"One other thing that's very important at the moment is interest rates. Normally when you buy prize bonds you lose out at one level because the bonds aren't earning you interest. At the moment though, with interest rates being so low, customers are not losing anything like as much as they did in the past, so the opportunity cost is small."

While it's true that the economic circumstances of the country have undoubtedly added to the interest in prize bonds, Mr O'Keeffe has not allowed the grass to grow under the Prize Bond Company's feet. The business is constantly reviewed and changes have been made to the prize bonds structure on a regular basis.

"We have to keep an eye on the business in order to stay competitive. Like any business, we are constantly evolving as a company and as a brand. Few businesses can stay the same over 53 years and we are no exception."

The major thing the company is working on right now is making prize bonds available at point-of-sale. At the moment you fill in an application form send it off, and wait. But that will soon change.

"If you bought bonds previously, you have a customer number so you will be able to walk into a post office give your customer number, and then receive the bonds over the counter.

"We haven't decided exactly how much post office staff will be able to hand out over the counter but I think it will be around €1,500. If you've never bought bonds before, you will still have to fill in a form but you will receive the bonds there and then. We're also working on making the website more accessible and to let people check their bond holdings."

AT the same time as progressing the scheme, the Prize Bond Company has had to fight to retain its contract to run the business. Last year, the National Treasury Management Agency (NTMA), which might be best known amongst the wider population for setting up the National Asset Management Agency, granted An Post and Fexco the rights to run prize bonds for another 10 years. It's a partnership that Mr O'Keeffe is happy to maintain.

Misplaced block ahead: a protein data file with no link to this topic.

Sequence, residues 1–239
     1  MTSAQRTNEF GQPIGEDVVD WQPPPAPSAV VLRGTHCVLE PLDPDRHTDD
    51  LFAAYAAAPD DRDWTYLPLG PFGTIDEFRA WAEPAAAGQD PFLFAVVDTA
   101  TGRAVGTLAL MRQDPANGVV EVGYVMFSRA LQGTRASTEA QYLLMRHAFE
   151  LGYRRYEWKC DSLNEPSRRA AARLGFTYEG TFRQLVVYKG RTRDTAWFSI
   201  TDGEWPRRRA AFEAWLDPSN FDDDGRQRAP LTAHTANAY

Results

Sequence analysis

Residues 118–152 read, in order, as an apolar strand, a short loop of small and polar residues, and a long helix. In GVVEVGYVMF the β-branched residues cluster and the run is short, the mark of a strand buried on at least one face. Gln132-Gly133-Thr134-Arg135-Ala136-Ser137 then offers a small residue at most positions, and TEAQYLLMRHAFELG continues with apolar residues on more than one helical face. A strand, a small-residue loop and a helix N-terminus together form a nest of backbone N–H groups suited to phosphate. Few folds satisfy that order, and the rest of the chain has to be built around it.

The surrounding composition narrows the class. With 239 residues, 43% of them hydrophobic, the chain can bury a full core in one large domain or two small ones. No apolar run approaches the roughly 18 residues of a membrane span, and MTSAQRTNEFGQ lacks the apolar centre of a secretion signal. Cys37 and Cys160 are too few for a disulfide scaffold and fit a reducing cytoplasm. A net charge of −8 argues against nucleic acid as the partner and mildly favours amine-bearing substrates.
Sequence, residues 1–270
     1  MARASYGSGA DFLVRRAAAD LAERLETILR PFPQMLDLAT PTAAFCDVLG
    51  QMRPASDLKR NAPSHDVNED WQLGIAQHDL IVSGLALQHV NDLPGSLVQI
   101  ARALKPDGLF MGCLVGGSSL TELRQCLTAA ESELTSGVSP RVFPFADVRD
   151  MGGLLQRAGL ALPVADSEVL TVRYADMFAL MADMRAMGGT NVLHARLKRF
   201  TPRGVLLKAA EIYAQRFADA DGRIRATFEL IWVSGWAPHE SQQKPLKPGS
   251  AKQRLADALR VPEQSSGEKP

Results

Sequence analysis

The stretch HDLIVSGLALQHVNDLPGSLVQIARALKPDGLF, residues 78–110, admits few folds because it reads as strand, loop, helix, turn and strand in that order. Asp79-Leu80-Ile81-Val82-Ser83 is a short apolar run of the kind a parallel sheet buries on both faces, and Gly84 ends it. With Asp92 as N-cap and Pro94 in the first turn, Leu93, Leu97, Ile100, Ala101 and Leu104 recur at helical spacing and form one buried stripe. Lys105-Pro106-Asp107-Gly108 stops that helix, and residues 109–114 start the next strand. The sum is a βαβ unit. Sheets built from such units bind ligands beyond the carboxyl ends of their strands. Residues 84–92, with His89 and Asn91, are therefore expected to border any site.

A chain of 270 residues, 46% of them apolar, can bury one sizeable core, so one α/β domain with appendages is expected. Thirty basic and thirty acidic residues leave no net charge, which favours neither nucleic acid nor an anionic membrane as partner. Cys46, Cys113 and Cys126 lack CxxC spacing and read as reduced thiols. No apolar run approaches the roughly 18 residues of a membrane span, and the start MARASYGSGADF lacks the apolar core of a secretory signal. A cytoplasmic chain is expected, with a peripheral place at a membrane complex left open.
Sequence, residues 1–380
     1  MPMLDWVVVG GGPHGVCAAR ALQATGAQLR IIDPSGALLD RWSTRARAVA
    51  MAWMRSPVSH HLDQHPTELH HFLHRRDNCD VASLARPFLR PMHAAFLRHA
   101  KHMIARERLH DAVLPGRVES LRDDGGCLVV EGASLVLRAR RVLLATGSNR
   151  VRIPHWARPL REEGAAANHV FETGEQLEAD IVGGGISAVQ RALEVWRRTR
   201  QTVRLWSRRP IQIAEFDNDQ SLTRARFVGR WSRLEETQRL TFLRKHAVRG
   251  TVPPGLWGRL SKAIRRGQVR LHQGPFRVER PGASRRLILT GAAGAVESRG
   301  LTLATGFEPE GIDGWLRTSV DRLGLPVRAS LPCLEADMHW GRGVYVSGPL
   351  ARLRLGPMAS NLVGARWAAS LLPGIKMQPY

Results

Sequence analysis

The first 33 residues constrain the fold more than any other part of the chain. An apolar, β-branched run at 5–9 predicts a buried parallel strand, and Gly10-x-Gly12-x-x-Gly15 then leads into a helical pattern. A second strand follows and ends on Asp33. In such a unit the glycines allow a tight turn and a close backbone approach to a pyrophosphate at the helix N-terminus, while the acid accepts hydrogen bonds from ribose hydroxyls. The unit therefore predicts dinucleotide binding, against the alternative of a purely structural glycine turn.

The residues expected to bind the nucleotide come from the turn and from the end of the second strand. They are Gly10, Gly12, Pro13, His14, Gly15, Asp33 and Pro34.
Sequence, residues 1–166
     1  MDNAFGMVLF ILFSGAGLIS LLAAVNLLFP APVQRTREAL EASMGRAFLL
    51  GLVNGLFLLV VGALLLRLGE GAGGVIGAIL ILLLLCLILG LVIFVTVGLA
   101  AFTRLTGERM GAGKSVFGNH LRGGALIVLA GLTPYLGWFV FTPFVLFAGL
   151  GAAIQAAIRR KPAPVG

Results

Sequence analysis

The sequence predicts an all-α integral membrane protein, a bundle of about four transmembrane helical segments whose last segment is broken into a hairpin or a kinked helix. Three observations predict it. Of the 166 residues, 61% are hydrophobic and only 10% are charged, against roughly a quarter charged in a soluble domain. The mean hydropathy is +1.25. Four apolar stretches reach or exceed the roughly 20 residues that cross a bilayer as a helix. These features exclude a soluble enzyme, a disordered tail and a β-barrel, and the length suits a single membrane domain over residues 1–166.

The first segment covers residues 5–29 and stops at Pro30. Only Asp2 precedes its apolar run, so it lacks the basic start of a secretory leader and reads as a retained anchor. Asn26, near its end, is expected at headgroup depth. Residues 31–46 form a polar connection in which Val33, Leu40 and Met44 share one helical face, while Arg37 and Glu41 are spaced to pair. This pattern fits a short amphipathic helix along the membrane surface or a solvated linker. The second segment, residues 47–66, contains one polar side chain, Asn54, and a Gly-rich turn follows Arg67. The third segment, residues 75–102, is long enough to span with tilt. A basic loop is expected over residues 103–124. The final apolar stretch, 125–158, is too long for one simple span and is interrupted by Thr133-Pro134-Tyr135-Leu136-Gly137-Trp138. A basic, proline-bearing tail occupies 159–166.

"It's good to see a private sector and public service company working well," he says.

Those targets and the relationship with the NTMA have come into sharper focus since the downturn really took hold in the economy. Although the targets look far beyond pure sales figures, the role that prize bond sales play in maintaining the national debt should not be underestimated, says Mr O'Keeffe.

"We're under no illusions that when you are talking about billions upon billions of euro, the €268m we contributed to the Exchequer last year does not seem like that big an amount.

"At the same time though, every euro that comes from prize bonds pays down the national debt and that €268m we contributed is €268m less that the Government has to raise on the international markets at much higher interest rates so we are proud of our contribution."

Over the life of prize bonds, about €1.5m remains unclaimed. That represents less than 0.3pc of the overall value of prizes awarded since the scheme began. Nevertheless the company still goes to extraordinary lengths to ensure every prize is claimed. Multiple letters are written to bondholders, all winning numbers are posted online and on TV3's Threetext as well being available on a Call Save number.

Nevertheless, there are still four prizes of about €20,000 unclaimed, one since 1991.

For the company's chief, he says he has probably one more year left as chair of the Prize Bond Company. But many expect the lure of the product to last a whole lot longer.

Irish Independent